(Such as: so, head chef at the celebrated Pétrus and Savoy Grill restaurants, how do you make sprouts taste nice? What's the point of bread sauce? How do you cook a goose? What can I serve an Atkins dieter? And will you be doing the washing up?)

Marcus Wareing was born in 1970 in Southport, Lancashire. After a City and Guilds course in catering, he got his first job at The Savoy Hotel, aged 18. He worked in New York and Amsterdam before returning to London and becoming Gordon Ramsay's sous-chef in the restaurant Aubergine. Two years later, in 1993, he moved to work in Paris, where two years later he took the Restaurant Associates young chef of the year award. He was back in London in 1996 to open Restaurant L'Oranger with Ramsay, and was head chef there for two years. He then opened Pétrus, with Ramsay's backing, in 1999. Pétrus was awarded a Michelin star in 2000 and was French restaurant of the year in 2002. This year, Wareing won the Catey award for chef of the year. He lives in London with his wife and two-year-old son Jake.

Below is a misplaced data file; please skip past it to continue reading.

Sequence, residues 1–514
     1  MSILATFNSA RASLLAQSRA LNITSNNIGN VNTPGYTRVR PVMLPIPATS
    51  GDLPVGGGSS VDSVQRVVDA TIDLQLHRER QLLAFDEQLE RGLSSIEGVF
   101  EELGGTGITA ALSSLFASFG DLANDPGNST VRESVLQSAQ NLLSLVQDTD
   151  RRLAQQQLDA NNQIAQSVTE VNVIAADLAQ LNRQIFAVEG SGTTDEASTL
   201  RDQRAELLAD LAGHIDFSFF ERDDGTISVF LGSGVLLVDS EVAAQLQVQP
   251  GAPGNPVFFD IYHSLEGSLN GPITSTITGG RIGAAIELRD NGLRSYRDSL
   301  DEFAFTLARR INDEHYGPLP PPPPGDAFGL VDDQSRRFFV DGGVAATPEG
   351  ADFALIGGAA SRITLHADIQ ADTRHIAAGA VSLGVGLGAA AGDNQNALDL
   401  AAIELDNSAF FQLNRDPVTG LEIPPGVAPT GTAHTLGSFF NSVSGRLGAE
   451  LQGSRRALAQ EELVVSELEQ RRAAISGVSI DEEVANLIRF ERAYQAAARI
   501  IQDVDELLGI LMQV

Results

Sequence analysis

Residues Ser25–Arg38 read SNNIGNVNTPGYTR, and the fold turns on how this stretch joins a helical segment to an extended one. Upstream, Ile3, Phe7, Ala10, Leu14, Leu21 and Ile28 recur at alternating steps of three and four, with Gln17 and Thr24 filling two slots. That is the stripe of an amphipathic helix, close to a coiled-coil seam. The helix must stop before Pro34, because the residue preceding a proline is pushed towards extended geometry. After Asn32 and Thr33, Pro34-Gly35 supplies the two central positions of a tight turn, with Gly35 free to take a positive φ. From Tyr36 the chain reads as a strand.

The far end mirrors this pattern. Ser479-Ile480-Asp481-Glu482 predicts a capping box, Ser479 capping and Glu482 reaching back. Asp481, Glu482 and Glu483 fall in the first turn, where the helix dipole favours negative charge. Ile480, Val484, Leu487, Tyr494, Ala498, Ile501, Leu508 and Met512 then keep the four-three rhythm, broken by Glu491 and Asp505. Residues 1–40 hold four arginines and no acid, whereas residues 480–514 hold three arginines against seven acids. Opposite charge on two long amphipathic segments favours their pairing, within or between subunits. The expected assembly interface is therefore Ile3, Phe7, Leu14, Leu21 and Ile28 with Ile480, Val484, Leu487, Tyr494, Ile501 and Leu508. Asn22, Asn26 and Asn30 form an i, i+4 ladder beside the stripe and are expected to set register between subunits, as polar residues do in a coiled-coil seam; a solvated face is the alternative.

Every year since 1976 my mother has insisted that we have prawn cocktail as a prelude to our Christmas dinner. She refuses to budge, so can you give me a sexed-up prawn cocktail recipe?
Monica Hardcourt, London

Well, it's very hard to jazz up a prawn cocktail. I know exactly the type you mean; we used to do them when I was training a long time ago. The thing is to take all the elements of a prawn cocktail and make it into something: buy king prawns or tiger prawns from frozen and, if you want to push the boat out, char-grill or barbecue them. Use Marie Rose sauce as a dip, then use little elements - like tomato and onion - to make a beautiful little side salad. So you have a nice light dressing and beautiful big prawns that you can just pick up with your fingers and dip into the sauce.

I normally hate stuffing. Can you suggest an alternative to sage and onion?
Christine Jarvis, Wandsworth